In 2010, Birchwood Arboretum started to disappear. The 30-acre botanical collection is set on a 100-acre parcel of land in Leesburg. The property was established in 1995 by a gentleman farmer who was a collector of rare specimen trees, according to Brian Katen, associate professor emeritus at Virginia Tech and former head of the landscape architecture program, who designed the property’s original landscape, including the arboretum. The farmer left the property under mysterious circumstances, and, a few owners later, it entered foreclosure.
In 2019, a couple intended to purchase a small cabin in the woods but were instead brought to the land on a whim by their real estate agent. They settled on what looked like many acres of underbrush with a house tangled up in weeds.
“When we bought the property, it was abandoned and overgrown. We spent a year weeding out huge invasive plants to discover all these beautiful trees — thousands of them.” The owners, who prefer to remain anonymous, felt a responsibility to bring it back to its former glory.
“The original owner left a large binder in the house that had all the horticulturists, groundskeepers, and landscapers who worked on the property originally, and he also left the original ground’s plot plans, too. There were pages of notes about each tree in the arboretum,” say the owners. “We spent the pandemic looking for [these professionals] to expose the living trees to light and remove the dead ones. We called the contacts in the book and told them what had happened with the land, and they were sad to hear that it hadn’t been maintained.”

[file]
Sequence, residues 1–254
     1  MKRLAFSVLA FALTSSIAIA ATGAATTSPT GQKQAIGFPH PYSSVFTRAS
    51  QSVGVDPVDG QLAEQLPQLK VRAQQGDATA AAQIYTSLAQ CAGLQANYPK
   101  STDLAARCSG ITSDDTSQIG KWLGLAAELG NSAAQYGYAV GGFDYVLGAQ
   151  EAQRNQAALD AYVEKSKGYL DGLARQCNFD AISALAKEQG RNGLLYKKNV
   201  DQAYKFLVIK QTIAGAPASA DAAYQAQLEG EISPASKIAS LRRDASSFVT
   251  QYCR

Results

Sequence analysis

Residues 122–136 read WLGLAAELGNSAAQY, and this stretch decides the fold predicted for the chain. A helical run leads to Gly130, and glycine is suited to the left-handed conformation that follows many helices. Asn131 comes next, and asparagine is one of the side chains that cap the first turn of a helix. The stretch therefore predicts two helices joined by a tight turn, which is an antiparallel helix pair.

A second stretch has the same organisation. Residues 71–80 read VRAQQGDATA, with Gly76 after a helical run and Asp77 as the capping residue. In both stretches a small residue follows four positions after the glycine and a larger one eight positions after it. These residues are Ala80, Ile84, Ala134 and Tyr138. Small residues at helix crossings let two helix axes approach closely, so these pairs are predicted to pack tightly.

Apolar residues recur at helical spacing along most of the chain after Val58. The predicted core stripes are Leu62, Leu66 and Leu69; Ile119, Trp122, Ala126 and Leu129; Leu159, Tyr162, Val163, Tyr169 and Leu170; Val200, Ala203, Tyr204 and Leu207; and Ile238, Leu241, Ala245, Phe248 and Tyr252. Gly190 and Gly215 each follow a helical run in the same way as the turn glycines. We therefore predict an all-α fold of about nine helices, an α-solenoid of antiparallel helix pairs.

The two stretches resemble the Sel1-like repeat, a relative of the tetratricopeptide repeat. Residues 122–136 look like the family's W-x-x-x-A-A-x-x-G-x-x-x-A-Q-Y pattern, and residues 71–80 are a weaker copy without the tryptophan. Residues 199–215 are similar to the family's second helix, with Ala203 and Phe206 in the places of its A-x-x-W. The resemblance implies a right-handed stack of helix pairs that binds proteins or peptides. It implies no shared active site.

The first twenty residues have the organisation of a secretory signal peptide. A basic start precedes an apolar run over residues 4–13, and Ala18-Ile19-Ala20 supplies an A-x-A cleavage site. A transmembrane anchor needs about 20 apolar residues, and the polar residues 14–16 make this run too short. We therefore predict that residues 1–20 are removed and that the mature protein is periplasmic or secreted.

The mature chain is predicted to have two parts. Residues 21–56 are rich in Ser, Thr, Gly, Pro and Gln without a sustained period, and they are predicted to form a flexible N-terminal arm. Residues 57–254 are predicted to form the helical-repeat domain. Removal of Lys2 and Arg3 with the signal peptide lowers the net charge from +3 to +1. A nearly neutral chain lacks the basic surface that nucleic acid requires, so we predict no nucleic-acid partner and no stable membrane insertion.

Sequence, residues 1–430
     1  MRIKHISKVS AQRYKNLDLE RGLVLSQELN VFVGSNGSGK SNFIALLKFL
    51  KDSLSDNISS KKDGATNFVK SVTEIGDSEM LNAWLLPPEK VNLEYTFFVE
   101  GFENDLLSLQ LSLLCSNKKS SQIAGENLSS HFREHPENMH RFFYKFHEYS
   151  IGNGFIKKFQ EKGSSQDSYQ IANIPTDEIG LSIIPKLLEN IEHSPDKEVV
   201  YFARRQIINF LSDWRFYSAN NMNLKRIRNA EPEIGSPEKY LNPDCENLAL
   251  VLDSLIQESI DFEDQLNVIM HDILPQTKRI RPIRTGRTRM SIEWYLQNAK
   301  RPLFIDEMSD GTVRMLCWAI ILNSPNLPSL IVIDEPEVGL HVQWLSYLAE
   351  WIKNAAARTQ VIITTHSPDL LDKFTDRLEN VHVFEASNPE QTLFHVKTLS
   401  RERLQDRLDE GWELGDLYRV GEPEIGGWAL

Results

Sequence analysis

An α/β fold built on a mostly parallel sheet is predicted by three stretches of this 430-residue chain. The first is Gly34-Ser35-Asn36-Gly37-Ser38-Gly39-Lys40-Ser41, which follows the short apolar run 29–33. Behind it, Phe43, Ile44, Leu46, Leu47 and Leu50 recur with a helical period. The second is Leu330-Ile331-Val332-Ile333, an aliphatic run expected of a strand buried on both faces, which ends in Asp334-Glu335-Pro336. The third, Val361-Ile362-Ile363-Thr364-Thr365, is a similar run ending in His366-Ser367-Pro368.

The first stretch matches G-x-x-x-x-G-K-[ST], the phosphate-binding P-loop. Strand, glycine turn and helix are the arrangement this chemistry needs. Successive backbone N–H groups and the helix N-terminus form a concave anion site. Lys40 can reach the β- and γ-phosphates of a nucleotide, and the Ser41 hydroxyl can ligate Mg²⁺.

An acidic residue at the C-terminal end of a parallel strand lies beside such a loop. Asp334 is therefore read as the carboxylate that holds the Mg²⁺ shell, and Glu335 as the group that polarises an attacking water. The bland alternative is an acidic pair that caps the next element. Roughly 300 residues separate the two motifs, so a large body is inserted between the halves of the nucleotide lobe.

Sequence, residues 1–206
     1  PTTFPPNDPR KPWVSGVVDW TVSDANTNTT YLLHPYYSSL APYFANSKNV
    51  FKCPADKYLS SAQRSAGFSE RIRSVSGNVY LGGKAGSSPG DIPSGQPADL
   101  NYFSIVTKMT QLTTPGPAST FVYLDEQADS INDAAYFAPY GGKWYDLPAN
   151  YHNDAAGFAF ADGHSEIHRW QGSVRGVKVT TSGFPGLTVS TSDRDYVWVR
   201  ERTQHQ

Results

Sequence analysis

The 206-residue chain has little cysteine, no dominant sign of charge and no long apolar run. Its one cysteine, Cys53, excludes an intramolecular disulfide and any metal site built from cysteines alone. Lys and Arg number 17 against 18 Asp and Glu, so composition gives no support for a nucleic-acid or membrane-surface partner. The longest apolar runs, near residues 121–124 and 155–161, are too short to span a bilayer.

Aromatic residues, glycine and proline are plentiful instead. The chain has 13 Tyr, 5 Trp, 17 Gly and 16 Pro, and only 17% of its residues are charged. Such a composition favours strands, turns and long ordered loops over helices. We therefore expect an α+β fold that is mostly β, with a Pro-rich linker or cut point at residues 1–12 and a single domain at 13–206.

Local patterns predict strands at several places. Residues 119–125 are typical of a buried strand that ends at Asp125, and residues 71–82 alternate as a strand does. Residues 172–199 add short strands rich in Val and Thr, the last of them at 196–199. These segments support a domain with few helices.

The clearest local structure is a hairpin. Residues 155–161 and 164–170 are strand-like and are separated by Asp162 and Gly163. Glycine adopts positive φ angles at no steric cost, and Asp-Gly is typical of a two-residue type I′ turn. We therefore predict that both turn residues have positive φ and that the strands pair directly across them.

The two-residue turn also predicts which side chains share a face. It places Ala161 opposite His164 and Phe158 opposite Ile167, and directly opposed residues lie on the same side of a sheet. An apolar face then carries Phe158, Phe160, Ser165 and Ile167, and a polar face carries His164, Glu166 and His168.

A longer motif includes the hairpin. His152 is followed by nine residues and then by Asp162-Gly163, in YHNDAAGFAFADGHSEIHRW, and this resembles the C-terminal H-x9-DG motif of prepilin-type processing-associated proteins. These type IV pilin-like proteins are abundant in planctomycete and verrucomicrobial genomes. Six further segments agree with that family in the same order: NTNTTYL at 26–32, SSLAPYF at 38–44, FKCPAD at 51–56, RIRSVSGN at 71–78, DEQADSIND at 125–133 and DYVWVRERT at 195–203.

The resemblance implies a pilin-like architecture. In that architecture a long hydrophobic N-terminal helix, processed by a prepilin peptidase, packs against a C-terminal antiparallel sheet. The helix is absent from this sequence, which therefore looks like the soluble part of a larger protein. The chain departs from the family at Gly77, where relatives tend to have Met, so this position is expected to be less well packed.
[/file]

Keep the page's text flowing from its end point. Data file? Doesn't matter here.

The arboretum had been sitting in dereliction for nine years. In that time, thousands of trees, including several varieties of Japanese maple, various types of conifers, European beech trees, and ginkgo trees, had been taken over by dense underbrush. Some of the trees on their property, like the Benjamin Franklin Japanese cedar, were among the only existing specimens of its variety in the U.S. “We spent the pandemic weeding, and we were trying to get rid of the weeds without accidentally getting rid of the valuable plants caught in them.”
Katen says, “The original owner did all the travel to find the plants in his collection. I worked on a master plan that used that collection of trees to anchor the larger property’s design and show off the trees. The collection was the anchor for sections of foliage throughout and established the bounds of the arboretum.”
Birchwood Arboretum’s 30 acres are irrigated once again by an underground system that had to be repaired to continue to provide the exact amount of water each individual tree needed every day. (They all require different amounts based on what’s best for their variety.) The owners replaced the lines and repaired the irrigation system so they wouldn’t have to manually water thousands of plants daily. They also spoke to landscape professionals about how and when to prune their trees, which had been growing wild for years.
Katen says that a collection of this type requires a significant amount of upkeep. “Once a collection is in place, it depends on having a good groundskeeper come in and really plan a four-seasons maintenance program. There may be a best time to prune the deciduous trees that’s not necessarily the best time to work on the conifers or shrubs, and the groundskeeper should really look at the seasonal aspects of the collection over time.”
The owners started to discover markers at the base of some of the trees that were still stuck in their original spots. Others were embedded in the dirt, and many were lost. Each marker contained a number for the specific tree and its variety and cultivar in Latin.